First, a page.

A couple of days ago, O’Reilly’s Edd Dumbill took a look at hot topics in data for the coming year. His five big data predictions for 2012 were absolutely spot on and illustrate the most important next steps in our ability to find insight in data: visualization, interactivity and abstraction. As CTO of a tech startup at the center of a lot of these conversations, I thought I’d share some of my thoughts on the matter as well. A full post with my 2012 big data predictions will be out in the next couple of weeks.
Moving Towards Insight, Not Data
Nobody wants data. It’s costly to store and bothersome gather, parse and make useful. What you do want is insight — the ability to see deeper and make better decisions. However, even these tools of the future can only take your internal data so far, though. At some point, it becomes important to widen your observation field to include explanatory variables to give your data context. In other words, at some point, it’s useful to bring in outside data to give your own internal data more shape and meaning.
Explanatory variables give your data context, which leads you to insight.
Data marketplaces such as Infochimps, Factual and Microsoft Azure will take off as CIOs discover that BI tools are for generating questions, not answers. For example, pretend you are a camping equipment store based in Reno, NV with an e-commerce site. After years of business, you understand your yearly sales cycle (peaks in the early spring and early fall), who your repeat customers are, who your local competitors are, etc. However, you may uncover curiosities that cannot be answered by internal data: why do sales peak in early to mid-August and why do so many folks request holds during that time? Why does your customer spread suddenly change from mostly folks in the Nevada area to folks from all over the country? Your business intelligence tools may fall short here. Explanatory variables from outside sources, including weather, popularity of competitors (Foursquare check-ins, web traffic, etc) and major festivals in your area (oh HAI Burning Man!) may help you get to the bottom of why your store suddenly becomes flooded with neon furry leg-warmer wearing hippies around Labor Day.
In other words, your data creates questions and outside data creates context and helps you answers questions. In short, the answer to the too much data problem is more data.
In his article, Edd talks about the idea of streaming data processing. I haven’t gotten to play with Esper yet, but Ilya Grigorik has — as he puts it, Esper lets you “store queries not data, process each event in real-time, and emit results when some query criteria is met.” You can read his overview here.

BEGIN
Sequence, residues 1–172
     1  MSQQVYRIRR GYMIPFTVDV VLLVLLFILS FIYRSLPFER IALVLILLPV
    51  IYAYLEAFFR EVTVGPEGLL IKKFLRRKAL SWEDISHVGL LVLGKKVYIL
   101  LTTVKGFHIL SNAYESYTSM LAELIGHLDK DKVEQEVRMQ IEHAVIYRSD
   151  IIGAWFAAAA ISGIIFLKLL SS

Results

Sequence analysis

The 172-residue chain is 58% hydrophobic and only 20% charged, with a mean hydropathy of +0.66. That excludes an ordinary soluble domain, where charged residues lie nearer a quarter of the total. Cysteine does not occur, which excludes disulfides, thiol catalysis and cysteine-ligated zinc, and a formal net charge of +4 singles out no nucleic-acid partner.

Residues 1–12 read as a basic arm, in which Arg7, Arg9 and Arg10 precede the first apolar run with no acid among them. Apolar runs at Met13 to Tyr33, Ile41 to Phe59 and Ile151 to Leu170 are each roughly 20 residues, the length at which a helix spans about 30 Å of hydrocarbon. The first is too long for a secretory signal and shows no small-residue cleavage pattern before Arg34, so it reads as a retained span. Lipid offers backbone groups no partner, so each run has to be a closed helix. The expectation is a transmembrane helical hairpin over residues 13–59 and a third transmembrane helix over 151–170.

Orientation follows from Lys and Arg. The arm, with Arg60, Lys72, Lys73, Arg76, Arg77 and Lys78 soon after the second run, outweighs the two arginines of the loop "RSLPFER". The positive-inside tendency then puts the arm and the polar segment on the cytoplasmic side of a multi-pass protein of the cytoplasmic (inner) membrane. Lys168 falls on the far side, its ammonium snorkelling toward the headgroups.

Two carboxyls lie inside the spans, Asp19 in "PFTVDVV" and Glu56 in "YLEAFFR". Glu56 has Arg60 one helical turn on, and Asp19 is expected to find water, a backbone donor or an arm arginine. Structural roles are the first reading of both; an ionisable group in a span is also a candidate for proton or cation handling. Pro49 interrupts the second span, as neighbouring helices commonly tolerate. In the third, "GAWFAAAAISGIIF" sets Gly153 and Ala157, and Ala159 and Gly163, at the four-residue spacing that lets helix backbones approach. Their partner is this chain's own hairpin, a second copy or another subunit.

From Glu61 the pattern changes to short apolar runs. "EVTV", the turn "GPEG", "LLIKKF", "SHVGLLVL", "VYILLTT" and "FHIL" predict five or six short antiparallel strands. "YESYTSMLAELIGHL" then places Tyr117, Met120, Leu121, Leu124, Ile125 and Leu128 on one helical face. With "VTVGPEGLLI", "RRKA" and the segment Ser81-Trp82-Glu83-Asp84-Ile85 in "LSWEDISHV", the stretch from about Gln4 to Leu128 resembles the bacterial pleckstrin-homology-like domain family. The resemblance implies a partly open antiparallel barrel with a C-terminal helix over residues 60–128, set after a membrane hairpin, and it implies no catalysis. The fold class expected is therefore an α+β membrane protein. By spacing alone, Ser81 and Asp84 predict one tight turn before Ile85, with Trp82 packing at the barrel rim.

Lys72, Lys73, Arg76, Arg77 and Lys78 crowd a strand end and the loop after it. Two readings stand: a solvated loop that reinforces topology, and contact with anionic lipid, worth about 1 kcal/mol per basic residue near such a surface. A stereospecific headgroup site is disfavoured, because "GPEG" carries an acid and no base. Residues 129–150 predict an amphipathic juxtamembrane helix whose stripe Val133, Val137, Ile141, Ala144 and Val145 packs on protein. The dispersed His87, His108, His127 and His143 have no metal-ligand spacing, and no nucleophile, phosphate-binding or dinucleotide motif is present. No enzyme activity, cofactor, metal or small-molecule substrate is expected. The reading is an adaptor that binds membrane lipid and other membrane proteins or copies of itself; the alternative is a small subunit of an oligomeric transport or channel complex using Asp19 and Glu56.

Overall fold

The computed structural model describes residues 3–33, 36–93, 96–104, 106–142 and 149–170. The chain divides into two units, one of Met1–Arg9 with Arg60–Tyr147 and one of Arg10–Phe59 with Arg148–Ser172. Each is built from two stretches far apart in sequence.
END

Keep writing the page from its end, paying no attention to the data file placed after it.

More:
At a lower and simpler level, we here at Infochimps LOVE Flume. It does one thing, simply and well: gets data from over here to over there, perhaps doing things to it along the way. It was developed for reliable log handling, but there are so many wonderful ways to beautifully misuse Flume:
- We replaced a set of massive batch jobs to parse scraped data with a simple Flume decorator that turns raw JSON into database-ready records. The new data flow is not only near-real-time, but also simpler, more reliable, and more maintainable.
- If you’re shipping your weblogs around with Flume, ten lines of Ruby and a tiny little StatsD daemon are all you need to track in real-time the rate, response code and latency of every web request. Joining the Church of Graphs has never been easier.
- Trying to scale a distributed message queue (RabbitMQ, Resque, etc)? If you care about throughput more than latency, look carefully at Flume — you’re probably better off.
By the way, if timeseries are your bread and butter, check out our friends at Eidosearch.
Data Science Workflows and Tools for Fast Iteration
Edd describes how Hadoop’s batch-oriented processing to be sufficient for many uses, but argues that batch processing isn’t adequate for online and real-time needs. Spark/Mesos has great promise for the kind of interactive exploration Edd describes. (It’s as close as anyone’s gotten to a REPL for big data exploration.)
At infochimps, our workflow revolves around writing short, readable scripts. See our chapter in O’Reilly’s Hadoop the Definitive Guide for a case study on how we developed a toolkit for Hadoop streaming in a Ruby environment.
Visualization is King
The most important machine learning algorithms all, at their heart, exploit a graph of one sort or another. Yet simply seeing, in any form, a graph of significant scale is still an oafish RAM-exhausting slog. Far and away the best tool we’ve used is Gephi, an open source interactive visualization and exploration platform for all kinds of networks and complex systems, dynamic and hierarchical graphs.
So, how essential is visualization, especially graph visualization, to quality data science? LinkedIn, home of one of the top data science teams in the world, used its consistently-brilliant/outrageously-unfair hiring advantage to bring aboard Mathieu Bastian, Gephi’s author. LinkedIn derives so much value in just being able to see and understand their data better that they’re funding the full-time development of Gephi, to the benefit of us all.